Above, Paradise Inn doing its best impersonation of Glacier National Park, with "Jammers" lined up at the front door.
The always popular snow tunnel entrance, circa 1955
This vintage postcard depicts the numerous canvas cabins prior to construction of the annex. Unlike Yosemite, these cabins were unpopular at Mt. Rainier.
Typical snow depths at Paradise Inn, as revealed by this vintage image of a sleigh ride.
Above, a pre-construction artist's rendering of Paradise Inn. While the canvas cabins were built, they were unpopular and slowly but surely removed. The Inn structure shows an interesting tower in this painting; it appears to have been the intended main entrance for the hotel. Although this makes for a better flow of foot traffic than what was built, the plan was probably abandoned due to costs. Overall the hotel as envisioned was quite a bit larger than what was ultimately built.
This vintage postcard shows snow being cleared by a steam shovel.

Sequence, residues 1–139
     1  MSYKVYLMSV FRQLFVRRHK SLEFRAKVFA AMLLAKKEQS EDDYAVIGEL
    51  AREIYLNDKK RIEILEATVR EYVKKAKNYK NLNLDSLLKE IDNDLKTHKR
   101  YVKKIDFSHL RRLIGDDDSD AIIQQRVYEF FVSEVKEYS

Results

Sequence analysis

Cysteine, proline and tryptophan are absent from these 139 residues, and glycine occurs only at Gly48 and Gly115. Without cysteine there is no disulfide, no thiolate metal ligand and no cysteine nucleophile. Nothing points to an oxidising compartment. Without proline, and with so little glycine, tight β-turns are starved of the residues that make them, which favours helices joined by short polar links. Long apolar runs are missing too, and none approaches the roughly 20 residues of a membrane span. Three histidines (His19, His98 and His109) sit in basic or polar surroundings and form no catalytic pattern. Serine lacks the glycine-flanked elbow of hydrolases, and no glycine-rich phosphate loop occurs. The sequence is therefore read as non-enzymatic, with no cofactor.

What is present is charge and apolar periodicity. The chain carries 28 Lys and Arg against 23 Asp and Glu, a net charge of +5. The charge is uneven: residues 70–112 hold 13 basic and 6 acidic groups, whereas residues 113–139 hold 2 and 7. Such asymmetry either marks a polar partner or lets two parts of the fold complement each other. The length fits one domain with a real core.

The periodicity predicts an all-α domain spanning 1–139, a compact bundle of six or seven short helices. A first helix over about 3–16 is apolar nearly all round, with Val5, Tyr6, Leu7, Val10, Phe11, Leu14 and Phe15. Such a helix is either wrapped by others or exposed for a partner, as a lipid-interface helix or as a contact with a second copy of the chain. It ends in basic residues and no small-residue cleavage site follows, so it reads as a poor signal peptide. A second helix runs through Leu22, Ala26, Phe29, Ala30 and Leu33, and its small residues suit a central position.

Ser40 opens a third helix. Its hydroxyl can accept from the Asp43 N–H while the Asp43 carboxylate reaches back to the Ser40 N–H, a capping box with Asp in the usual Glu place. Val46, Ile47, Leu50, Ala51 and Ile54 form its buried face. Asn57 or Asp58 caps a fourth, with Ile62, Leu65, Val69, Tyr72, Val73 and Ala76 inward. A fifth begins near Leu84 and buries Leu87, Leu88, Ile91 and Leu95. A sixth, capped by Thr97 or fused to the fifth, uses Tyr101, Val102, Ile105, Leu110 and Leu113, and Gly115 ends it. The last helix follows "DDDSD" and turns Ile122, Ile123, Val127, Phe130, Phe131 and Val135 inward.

Another popular vintage postcard depicts mid winter snow levels; this colorized photo was taken sometime after 1920.
The ski area was a fixture at Paradise Inn for more than 30 years; it fell into disuse during the early 1970s when Lou Whittaker's RMI Co. declined to bid on the ski tow concession.
The most important historical text on Paradise Inn is Floyd Schmoe's A Year in Paradise.
It's an incredible read about Paradise Inn and the Valley. Schmoe was winter caretaker at Paradise Inn during the 1920s, and gives insightful descriptions of what life is like when the snow reaches the roof peak. Every purchase you make from this link at Amazon.com helps defray the costs of the National Park Lodge Architecture Society website, at no additional cost to you.
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